"WALTZ WITH BASHIR" DIRECTOR TALKS ABOUT HIS NEXT PROJECT Ari Folman has acquired rights to The Futurological Congress, a science fiction short story by Stanislaw Lem according to The Hollywood Reporter. The proposed film will be a hybrid of live action and animation. The story is set in a futuristic world where everything appears perfect, with an abundance of money and good natured people, but it turns out the world has a dark, drug-infused underbelly. Lem is the author of Solaris, a novel that was adapted for the screen both by Andrei Tarkovsky and Steven Soderbergh. He has been compared to Philip K. Dick, and wrote many stories and novels before his death in 2006. Congress has story elements similar to Dick's Do Androids Dream of Electric Sheep?, the story that inspired Blade Runner.

DISNEY WANTS TO BUILD A THEME PARK IN SHANGHAI They recently submitted plans to the central government for this joint venture for a resort and theme park. "No deal has been signed, no project has been approved." The Shanghai amusement park, hotel and retail center would be built over six years on a 371-acre site near Shanghai's international airport for an estimated cost of $3.59 billion.

Disney's park in Hong Kong has had problems with low attendance so there are also plans to enlarge it. Negotiations are taking place between the Hong Kong government and Disney on how to finance the $645 million expansion. The Hong Kong government owns a 57 percent interest and is hesitant to invest more knowing there will be public criticism over the park's poor attendance.

ANIMATION IS RECOGNIZED BY BAFTA (THE BRITISH ACADEMY AWARDS) In the "Films Not in the English Language" category they nominated Persepolis (Marc-Antoine Robert, Xavier Rigault, Marjane Satrapi, Vincent Parannaud) and Waltz With Bashir (Serge Lalou, Gerhard Meixner, Yael Nahl Ieli, Ari Folman) along with 3 live action features (The Baader Meinhof Complex, Gomorrah and I've Loved You So Long. The animated film category recognized Persepolis (Marjan! e Satrapi, Vincent Parannaud), WALL-E (Andrew Stanton) and Waltz With Bashir (Ari Folman).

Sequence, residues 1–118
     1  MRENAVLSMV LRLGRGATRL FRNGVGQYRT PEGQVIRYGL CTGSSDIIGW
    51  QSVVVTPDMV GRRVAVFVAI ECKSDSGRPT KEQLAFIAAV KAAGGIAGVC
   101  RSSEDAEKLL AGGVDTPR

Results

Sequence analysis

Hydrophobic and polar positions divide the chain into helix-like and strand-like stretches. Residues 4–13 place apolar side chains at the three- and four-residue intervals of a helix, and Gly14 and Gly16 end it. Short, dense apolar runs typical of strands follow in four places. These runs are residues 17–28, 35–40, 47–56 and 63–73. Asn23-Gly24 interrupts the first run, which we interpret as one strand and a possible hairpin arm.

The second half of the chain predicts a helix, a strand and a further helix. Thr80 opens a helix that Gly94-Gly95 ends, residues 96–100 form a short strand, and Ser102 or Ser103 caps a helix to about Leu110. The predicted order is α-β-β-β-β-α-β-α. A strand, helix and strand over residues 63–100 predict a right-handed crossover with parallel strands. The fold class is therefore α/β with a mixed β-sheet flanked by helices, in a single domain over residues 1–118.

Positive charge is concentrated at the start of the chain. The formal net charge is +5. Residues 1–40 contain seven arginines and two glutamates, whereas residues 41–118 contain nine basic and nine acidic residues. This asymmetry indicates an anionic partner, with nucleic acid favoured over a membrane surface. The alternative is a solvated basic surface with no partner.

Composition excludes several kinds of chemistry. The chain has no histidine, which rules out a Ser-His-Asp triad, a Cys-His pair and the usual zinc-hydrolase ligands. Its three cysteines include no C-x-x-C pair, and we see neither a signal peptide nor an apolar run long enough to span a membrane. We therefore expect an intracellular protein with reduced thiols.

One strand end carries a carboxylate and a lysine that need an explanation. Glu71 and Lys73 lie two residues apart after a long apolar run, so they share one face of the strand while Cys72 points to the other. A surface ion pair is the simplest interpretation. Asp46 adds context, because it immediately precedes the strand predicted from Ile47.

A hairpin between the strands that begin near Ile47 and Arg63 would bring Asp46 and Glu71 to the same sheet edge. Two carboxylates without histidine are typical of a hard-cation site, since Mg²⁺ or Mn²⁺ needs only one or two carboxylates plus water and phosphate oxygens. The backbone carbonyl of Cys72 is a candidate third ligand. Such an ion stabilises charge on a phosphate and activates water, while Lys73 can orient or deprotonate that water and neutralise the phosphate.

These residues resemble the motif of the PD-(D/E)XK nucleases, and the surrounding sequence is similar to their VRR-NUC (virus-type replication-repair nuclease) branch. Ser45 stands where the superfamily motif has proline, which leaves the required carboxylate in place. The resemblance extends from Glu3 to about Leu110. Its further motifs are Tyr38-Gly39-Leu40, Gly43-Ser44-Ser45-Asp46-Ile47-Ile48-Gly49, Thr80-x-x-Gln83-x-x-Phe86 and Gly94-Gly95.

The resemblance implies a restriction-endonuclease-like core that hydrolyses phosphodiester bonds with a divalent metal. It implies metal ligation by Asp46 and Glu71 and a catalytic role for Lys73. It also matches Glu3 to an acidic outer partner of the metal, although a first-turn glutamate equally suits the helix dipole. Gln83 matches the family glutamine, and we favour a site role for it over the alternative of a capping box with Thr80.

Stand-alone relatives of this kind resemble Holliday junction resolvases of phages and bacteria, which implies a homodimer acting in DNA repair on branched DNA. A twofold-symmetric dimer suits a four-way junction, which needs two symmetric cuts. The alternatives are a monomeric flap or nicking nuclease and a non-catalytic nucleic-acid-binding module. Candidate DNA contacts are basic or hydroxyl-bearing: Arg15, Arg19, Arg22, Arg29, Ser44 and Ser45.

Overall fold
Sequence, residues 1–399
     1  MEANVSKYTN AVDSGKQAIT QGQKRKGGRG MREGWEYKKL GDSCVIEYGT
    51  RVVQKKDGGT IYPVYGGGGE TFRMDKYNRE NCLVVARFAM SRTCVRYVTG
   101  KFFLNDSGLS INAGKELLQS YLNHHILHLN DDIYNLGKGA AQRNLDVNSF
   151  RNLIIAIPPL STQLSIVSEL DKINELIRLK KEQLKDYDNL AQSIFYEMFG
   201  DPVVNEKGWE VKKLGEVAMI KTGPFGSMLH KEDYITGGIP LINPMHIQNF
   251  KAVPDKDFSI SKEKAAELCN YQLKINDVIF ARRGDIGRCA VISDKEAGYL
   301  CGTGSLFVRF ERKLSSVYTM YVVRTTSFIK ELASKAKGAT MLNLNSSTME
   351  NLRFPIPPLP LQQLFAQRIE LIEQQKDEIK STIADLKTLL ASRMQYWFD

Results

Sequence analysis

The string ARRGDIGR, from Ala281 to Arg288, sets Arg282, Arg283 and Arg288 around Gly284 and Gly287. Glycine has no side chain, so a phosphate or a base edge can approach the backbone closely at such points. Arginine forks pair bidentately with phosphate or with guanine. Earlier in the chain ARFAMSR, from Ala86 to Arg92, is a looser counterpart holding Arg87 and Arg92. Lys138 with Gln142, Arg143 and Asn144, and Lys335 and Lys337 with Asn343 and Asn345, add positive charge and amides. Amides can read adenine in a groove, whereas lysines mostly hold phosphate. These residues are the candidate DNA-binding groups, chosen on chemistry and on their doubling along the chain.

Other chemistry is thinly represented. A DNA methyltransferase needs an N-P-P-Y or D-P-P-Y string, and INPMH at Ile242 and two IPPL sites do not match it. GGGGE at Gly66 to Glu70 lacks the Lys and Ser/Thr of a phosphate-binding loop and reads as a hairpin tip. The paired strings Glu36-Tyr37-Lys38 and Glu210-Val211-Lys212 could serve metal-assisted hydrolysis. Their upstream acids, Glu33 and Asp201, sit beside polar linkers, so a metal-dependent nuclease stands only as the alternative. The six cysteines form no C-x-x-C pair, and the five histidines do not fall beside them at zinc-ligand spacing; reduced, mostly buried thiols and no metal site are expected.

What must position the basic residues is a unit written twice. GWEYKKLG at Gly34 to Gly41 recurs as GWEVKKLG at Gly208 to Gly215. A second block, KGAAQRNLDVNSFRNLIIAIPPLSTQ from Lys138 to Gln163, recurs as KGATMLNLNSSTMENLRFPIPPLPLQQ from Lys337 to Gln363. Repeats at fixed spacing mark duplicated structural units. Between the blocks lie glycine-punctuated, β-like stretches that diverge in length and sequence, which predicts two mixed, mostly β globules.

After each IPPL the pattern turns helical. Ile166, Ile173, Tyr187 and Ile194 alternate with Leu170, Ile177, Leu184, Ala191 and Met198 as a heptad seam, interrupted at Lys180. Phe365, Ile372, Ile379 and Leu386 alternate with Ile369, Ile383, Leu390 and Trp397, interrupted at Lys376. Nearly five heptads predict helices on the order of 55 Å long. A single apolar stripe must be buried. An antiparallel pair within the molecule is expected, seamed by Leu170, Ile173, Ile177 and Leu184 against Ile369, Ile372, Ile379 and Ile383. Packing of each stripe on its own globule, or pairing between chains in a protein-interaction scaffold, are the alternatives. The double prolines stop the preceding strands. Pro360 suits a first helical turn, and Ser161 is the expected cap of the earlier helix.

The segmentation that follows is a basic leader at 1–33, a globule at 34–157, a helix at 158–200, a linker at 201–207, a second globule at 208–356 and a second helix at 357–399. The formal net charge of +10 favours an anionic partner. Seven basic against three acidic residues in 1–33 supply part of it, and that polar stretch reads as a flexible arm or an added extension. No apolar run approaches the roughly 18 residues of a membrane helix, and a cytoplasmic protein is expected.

ANNECY INTERNATIONAL ANIMATED FILM FESTIVAL Deadline is February 15 for submitting shorts, TV films, commissioned films and graduation films. March 15 for features.. Festival dates are June 8-13, 2009

by Nancy Denney-Phelps

Riga, Latvia is one of my favorite cities. The Daugava River running through the center of the city before it reaches the Baltic Sea makes it a wonderful city to walk through. Riga is a historian's delight, full of architecture that reflects the diversity of cultures, from the 12th Century German conquest and art nouveau delights to 1991, when the country won independence from the former Soviet Union. The architecture of the Soviet period is still interesting to give you a feel of how the city was when it was still part of the Soviet Block.!

Sergei Eisenstein was born in Riga and his father, a famous architect, designed many of the beautiful art nouveau buildings. The city reminds me very much of St. Petersburg. It has the same beautiful yellow and rose hues of paint and when the sun light hits at the right angle the city glows -- sort of like those evenings in San Francisco when the sunset hits the windows of the buildings and they glow golden.

I was very excited when Nik and I were invited to give a presentation on music and animation at Arsenals Film Festival, taking place 12 through 21, September. I had heard so many good things about the festival and it turned out to be a smorgasbord of tasty delights, film treats of all kinds from around the world and parties with outstanding catering.